The Internet of Things (IoT), which brings in the promises (and perils) of totally interconnected devices, is already mainstreamed in our everyday lives, with sensor-equipped cars, phones, utility meters and even houses. Our refrigerators, equipped with sensors, are making decisions for us, based on their capacity to analyze data and execute embedded algorithms related to dietary needs.
But how can these advances help ensure more free, open, secure and empowering connectivity rather than a host of undesirable side effects?
According to the International Telecommunication Union (ITU) – which surveys the ICT sector on an annual basis through a formal survey involving regulators, operators and original equipment manufacturers – the Internet of Things (IoT) is currently composed of 25 billion connected devices around the world. According to the United States Federal Trade Commission (FTC), this number will grow to 50 billion devices worldwide by 2020. These devices collect vast amounts of information on industrial, organizational and personal behavior, and gathers users’ preferences that can be leveraged to improve delivery of products and services, health, education, entertainment and shopping.
Therefore, IoT will bring important socio-economic advantages to those connected – but without guidance, proper policies, legislation and globally adopted codes of conduct (“netiquette” as we used to call it), it could also bring a range of challenges.
To date, the security and privacy of IoT is largely achieved through self-regulation and public-private partnerships (PPPs). But governments are increasingly scrutinizing the privacy and security risks associated with the IoT. Take terrorist networks, for instance, that thrive using online recruitment through social networks – or cyber criminals using cyber warfare tactics to bring down management information systems that control critical infrastructure (electricity, transport and water), financial institutions or government facilities.
This year’s World Development Report, focused on the Internet and its impact on development, highlights some of the trends for the ICT sector, which today accounts for approximately $US5 trillions in annual global GDP. This resonates with what civil society has been telling policy makers for the last 10 years since the World Summit on Information Society was held in Tunisia: the full investments of the Internet can only be realized if the Internet is free or affordable, open, useful and secure.
In a June 2014 article, the Economist published an article on cybercrimes and hack attacks on the IoT, citing a (then) recent estimate by the Centre for Strategic and International Studies, which estimated the global cost of cybercrime and online industrial espionage at US$445 billion a year—about as much as the GDP of Austria. The study is quite enlightening.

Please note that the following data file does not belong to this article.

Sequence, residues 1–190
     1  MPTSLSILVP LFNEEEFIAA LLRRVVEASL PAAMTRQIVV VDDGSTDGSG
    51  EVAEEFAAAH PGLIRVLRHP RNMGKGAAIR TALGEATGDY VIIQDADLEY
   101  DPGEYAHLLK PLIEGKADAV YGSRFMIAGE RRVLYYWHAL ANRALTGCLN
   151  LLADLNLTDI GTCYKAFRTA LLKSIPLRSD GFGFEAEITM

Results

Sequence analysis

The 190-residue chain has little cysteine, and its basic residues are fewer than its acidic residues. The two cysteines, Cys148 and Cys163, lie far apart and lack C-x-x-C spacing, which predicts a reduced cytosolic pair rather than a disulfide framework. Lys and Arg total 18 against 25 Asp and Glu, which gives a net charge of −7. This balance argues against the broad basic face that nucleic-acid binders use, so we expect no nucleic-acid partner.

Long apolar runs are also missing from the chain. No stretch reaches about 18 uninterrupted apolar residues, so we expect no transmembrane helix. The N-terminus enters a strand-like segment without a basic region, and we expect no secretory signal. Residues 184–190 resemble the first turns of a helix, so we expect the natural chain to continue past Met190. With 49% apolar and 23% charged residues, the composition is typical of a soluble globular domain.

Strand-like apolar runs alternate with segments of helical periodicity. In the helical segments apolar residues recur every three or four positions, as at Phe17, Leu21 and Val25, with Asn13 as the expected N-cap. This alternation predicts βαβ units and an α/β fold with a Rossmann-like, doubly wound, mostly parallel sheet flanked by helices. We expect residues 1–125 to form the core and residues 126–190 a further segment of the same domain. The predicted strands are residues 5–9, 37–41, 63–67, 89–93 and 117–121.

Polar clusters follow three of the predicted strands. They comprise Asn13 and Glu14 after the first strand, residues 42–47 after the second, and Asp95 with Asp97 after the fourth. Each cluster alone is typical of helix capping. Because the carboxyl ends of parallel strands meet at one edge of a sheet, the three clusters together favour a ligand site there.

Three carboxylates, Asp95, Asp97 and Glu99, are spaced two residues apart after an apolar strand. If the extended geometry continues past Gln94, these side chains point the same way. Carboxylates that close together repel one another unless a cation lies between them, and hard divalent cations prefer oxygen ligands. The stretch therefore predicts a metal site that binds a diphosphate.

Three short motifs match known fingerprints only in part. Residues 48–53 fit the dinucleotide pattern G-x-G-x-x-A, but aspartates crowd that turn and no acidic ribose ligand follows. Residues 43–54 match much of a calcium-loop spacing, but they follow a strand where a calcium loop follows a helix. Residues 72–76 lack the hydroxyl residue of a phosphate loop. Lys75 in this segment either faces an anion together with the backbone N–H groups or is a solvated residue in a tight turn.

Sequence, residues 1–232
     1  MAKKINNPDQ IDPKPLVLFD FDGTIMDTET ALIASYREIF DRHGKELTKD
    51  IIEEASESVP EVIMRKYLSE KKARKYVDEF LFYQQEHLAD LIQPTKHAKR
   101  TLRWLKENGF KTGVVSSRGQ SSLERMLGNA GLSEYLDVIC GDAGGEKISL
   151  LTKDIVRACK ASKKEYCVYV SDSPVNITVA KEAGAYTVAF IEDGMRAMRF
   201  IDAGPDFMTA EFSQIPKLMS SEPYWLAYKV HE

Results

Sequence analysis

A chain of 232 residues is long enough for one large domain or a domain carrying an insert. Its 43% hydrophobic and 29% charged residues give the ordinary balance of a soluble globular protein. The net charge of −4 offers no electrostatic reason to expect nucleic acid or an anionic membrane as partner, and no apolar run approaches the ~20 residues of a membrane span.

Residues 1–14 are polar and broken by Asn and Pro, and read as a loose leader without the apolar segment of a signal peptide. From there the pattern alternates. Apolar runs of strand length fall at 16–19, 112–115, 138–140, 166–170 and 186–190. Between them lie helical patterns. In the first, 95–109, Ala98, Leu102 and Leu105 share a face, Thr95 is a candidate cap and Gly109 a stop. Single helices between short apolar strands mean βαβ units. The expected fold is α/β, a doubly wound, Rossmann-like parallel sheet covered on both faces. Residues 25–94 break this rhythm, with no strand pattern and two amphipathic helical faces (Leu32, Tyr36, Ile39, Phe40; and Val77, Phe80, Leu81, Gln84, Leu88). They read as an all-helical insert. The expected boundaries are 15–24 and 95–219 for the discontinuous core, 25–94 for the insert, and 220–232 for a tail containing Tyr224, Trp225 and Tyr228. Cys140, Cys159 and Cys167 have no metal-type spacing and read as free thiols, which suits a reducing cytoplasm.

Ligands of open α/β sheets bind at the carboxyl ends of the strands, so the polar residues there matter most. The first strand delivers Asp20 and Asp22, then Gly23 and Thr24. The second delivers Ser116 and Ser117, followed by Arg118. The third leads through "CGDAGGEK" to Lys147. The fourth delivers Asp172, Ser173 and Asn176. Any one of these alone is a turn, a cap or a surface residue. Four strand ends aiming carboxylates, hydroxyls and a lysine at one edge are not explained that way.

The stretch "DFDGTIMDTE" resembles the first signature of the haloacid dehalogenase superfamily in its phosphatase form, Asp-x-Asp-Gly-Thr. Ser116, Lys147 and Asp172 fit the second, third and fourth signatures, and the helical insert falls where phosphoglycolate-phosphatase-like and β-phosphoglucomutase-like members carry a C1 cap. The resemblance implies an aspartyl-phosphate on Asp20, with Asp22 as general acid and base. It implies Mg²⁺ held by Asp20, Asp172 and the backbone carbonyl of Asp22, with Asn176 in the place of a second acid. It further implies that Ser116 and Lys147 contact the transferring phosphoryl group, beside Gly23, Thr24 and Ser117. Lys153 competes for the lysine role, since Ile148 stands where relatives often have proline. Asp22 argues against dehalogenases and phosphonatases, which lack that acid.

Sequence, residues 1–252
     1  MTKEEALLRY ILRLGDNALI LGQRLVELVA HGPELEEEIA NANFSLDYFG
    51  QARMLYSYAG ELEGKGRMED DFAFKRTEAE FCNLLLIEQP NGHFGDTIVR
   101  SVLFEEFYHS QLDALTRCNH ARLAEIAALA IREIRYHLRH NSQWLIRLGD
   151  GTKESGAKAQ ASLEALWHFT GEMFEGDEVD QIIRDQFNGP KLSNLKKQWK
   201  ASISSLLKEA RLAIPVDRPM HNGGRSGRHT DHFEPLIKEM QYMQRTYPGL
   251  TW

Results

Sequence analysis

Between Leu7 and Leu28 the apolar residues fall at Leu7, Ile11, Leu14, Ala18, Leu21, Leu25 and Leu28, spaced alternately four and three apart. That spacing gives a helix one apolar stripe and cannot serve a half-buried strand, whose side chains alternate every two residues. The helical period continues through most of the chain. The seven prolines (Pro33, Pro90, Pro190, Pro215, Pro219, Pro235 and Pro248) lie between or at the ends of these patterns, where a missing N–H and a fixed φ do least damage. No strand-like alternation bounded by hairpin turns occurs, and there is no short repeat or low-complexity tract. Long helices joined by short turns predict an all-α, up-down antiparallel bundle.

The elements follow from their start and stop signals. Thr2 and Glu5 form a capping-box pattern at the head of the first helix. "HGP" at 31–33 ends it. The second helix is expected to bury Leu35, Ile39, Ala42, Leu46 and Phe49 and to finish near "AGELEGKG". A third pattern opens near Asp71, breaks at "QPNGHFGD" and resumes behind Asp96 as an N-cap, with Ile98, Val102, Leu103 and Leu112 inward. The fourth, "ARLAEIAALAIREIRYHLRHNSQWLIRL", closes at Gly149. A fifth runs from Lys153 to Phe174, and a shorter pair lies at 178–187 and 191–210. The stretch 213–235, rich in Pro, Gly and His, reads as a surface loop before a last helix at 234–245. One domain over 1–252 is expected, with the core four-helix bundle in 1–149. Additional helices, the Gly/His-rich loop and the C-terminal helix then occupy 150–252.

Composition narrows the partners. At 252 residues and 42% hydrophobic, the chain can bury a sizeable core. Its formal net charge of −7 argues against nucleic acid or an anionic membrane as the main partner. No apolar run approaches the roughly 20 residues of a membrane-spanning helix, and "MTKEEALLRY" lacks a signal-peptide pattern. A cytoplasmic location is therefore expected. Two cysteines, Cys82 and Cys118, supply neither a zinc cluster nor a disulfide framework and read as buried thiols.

Having a free (or affordable), open and secure Internet is hence a great aspiration, but will be very difficult to achieve without global multi-stake holder collaboration. Cyberspace unlocks enormous potential gains in wealth and welfare in an ever-more connected society. To be able to continue to benefit from the Internet as an enabler for development and innovation, we must ensure the safety and privacy of its billions of users. A global consensus is needed.
With several billions of dollars invested in ICT sector applications throughout the organization, it is one of the World Bank Group’s mandates to properly safeguard the investments our clients make in digital development. As we embark on the new Sustainable Development Goals, and promote a unique legal identifier for each of the world’s citizens, ensuring the security and privacy of the citizen identification is paramount to the virtuous use of legal identifiers for improvements of services to citizens, as well as trust between citizens and government. We simply cannot avoid the issue of cybersecurity.
Earlier this month, I participated in the Global Conference on Cyber Space (GCCS) in The Hague, Netherlands. The organizers did a brilliant job in managing the topic’s complexity, offering inspiring solutions by seasoned experts. They even managed at times to make a grim subject quite entertaining, even gripping with scenario games and mini-thriller videos. Alas, the subject is real, with millions of victims every day.
The GCCS is the fourth of its series: It started in London (2011), then Budapest (2012), Seoul (2013) then The Hague. In Budapest, the “Budapest declaration” was launched, creating a common platform for policy makers around cybercrime legislation.
This is a global issue, related to topics of Internet Governance, censorship, privacy, safety, child protection, terrorism, and public safety. The whole of society needs to be mobilized to address and mitigate the dangers of cybersecurity, for which we are totally unequipped. A brave new world awaits. Let’s help our clients be prepared!